BWW Review: National Tour of LES MISERABLES Stands the Test of Time & Trends at Milwaukee's Marcus Center
This musical and I go way back. By age five, I could sing every word to "Lovely Ladies" and had deemed Cosette my ultimate idol. Twenty-five years later, Les Miserables (Les Miz for short) holds the same power over me - and I know I'm not alone.
Les Miz, based on the book by Victor Hugo, is now in its 32nd year, having played to more than 70 million people in 44 countries and 22 languages. It's the fifth-longest-running Broadway musical of all time. And if the enthusiastic reception at the Marcus Center on opening night is any indication, Boubil and Schonberg's masterpiece continues to keep a strangle hold on Milwaukee-area hearts.
Set in 19th century France, Les Miserables is a story of redemption, revolution, unrequited love, and sacrifice - an ode to the human spirit. It's simultaneously tragic, uplifting, and soul-stirring. The central figures are Jean Valjean, the fugitive ex-convict on a journey to become an honest man, and the pious Inspector Javert, who has hunted Valjean for decades in the name of law and duty.
Then there's Fantine, a young factory worker forced to turn to prostitution to support her sick child, Cosette - who is eventually taken in and raised by Valjean. Fast forward 10 years and there's Marius and Enjolras, young men and students on the verge of revolution, and Eponine, a girl from the streets who loves Marius and must watch him fall for the now-grown Cosette. Oh, and don't forget the fan favorites and comic relief, innkeepers and cons Monsieur and Madame Thénardier.
It's a lot to digest in a nearly three-hour show, but this superb national touring casts makes every moment worthwhile. Rather than operatic vocals, Nick Cartell brings a four-octave frontman vibe to Valjean, in the best and most exciting way. In softer moments, his voice entrances, and his rendition of the moving "Bring Him Home" is absolutely exquisite - as good as anything you'd find on Broadway. Fantine, the angel-voiced Mary Kate Moore, gives us a beautiful "I Dreamed A Dream" - her voice big, clear, and effortless.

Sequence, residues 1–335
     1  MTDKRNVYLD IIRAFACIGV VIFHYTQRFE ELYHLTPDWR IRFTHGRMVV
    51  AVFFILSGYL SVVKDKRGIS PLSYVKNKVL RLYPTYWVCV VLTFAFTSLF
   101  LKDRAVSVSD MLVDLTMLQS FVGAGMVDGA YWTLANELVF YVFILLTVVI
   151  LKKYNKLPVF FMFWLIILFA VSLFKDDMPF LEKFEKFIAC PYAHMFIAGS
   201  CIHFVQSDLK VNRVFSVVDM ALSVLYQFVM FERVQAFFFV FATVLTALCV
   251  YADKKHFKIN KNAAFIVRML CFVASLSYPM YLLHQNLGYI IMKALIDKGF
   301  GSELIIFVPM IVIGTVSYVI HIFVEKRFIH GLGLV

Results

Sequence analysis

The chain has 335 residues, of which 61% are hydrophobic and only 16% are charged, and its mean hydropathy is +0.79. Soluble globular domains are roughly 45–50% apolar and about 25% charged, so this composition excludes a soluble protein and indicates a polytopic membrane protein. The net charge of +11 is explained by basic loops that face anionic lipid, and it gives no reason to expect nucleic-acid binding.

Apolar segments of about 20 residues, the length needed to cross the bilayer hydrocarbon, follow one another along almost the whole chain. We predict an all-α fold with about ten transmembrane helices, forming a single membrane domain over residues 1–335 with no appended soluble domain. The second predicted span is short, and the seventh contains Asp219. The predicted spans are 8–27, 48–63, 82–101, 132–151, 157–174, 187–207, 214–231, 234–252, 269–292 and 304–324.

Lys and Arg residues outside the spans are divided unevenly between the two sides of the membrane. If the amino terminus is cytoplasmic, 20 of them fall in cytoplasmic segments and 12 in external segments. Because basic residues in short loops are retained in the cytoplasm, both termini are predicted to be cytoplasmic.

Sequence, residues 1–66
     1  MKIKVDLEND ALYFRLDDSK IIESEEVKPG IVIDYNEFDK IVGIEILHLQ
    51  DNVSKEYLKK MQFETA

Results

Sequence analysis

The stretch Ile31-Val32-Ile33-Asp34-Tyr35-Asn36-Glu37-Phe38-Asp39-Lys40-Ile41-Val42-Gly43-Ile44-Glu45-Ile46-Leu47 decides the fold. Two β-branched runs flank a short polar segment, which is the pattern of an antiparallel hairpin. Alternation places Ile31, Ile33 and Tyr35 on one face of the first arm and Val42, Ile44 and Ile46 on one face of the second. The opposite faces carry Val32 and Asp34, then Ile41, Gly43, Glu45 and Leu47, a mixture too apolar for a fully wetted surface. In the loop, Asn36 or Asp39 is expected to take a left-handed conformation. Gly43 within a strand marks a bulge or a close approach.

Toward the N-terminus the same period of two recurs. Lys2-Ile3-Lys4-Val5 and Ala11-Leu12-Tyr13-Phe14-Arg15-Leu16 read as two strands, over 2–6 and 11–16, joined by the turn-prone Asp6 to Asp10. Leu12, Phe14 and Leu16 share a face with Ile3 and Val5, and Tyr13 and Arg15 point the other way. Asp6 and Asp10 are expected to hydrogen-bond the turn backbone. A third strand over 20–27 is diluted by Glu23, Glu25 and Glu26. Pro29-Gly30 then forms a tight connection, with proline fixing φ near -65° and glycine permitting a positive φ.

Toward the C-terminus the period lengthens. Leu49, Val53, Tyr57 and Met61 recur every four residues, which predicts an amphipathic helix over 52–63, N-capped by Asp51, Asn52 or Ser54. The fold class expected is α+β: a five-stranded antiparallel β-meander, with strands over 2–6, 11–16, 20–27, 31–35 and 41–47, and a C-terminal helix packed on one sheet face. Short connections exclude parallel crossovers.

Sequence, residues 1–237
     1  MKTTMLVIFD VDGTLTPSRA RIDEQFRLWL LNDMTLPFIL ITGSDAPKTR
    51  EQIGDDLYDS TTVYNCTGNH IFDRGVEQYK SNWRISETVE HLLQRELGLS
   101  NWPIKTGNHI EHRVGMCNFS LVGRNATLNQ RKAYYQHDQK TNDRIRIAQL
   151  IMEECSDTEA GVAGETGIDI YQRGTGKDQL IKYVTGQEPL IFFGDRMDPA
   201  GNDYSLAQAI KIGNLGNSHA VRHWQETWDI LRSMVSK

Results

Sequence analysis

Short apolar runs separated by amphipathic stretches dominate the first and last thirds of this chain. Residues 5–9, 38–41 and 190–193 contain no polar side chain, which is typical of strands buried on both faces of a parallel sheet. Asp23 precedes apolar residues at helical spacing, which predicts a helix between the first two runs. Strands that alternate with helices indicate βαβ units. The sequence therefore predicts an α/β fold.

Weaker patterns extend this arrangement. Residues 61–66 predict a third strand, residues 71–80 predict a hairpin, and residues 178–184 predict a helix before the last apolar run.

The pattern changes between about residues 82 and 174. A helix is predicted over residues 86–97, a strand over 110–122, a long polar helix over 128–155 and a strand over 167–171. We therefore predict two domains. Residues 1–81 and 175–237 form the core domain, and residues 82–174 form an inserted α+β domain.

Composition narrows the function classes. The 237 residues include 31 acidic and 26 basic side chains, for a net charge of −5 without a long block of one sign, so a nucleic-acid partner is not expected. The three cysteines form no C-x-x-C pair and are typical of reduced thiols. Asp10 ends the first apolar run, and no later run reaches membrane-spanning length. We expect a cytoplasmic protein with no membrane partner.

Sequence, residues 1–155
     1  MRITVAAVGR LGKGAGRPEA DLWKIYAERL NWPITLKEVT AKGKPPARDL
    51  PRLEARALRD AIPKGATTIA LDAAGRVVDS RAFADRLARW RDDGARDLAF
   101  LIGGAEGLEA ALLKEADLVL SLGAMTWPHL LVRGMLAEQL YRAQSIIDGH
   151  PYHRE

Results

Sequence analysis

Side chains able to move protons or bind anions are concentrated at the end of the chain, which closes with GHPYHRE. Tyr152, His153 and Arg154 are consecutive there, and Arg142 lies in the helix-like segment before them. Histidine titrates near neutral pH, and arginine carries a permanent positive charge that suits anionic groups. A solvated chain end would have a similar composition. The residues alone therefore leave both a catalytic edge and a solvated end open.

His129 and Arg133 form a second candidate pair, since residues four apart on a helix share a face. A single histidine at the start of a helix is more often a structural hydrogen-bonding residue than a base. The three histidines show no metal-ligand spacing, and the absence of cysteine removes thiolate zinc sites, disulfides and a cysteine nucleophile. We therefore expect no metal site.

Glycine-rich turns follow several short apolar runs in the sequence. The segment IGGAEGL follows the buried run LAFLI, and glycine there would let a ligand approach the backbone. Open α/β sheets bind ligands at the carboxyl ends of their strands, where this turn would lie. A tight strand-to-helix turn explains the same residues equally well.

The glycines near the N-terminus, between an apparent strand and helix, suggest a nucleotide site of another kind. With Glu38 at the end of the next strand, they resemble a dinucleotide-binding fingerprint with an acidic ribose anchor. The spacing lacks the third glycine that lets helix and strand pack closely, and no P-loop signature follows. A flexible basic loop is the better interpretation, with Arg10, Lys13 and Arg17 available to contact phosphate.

The women of the revolution - a grown-up Cosette and Eponine, played by Jillian Butler and Emily Bautista, respectively - are each incredibly strong. With one a sweet soprano and the other a sky-high belter, these parts can sometimes play out as shrill or try-hard. Butler and Bautista consistently strike the perfect chord.
Bringing the laughs, Allison Gunn nails Madame Thénardier, perfectly lacking in any kind of finesse. J Anthony Crane's Monsieur Thénardier, though plenty animated, left me wondering if his talk-singing was intentional or due to illness.
If there were time and attention span to heap praise on each and every member of the cast, I would. Alas, let's talk about the gorgeous sets and lighting that brings the world of Les Miz to stunning life. Artful lighting lends all the drama of a Renaissance painting. The freshened set design is based on Victor Hugo's own sketches. Scene transitions from city streets to a factory floor to an ivied courtyard to a towering barricade - it's all seamless and larger than life.
But it's the little things in this production of Les Miserables that truly make it a master work; things that are either new additions or simply things one notices upon repeat viewings. For instance, there's such palpable tension between Valjean and Javert (shout out to understudy Steve Czarnecki) just before "Who Am I?" The two fix each other with a nose-to-nose stare, menacing and silent - one of the only moments in the show not backed by the orchestra. It's chilling.
Even the supporting characters deliver on nuance. There's the booze-loving revolutionary, Grantaire (Matt Moisey), and his particular fondness for the little street urchin, Gavroche (Jonah Mussolino). Keep an eye on these two during "Drink With Me" and the moments following the fall of Gavroche at the barricade - and keep a Kleenex handy. Better yet, keep a Kleenex handy throughout. There's such richness in the small moments and rapture in the production as a whole, it's easy to be swept away in a tide of emotion. Ugly crying? You bet.
Following the resounding and emphatic standing ovation for this touring production of Les Miz, it's a great comfort to know that a show that so speaks to me also speaks to my fellow theatergoers. Though she's pushing 33, Les Miserables stands the test of time and trends. Magnificent performances, dazzling sets and staging, soaring orchestrations - these things are as timeless as the show's central message: "Even the darkest night will end, and the sun will rise."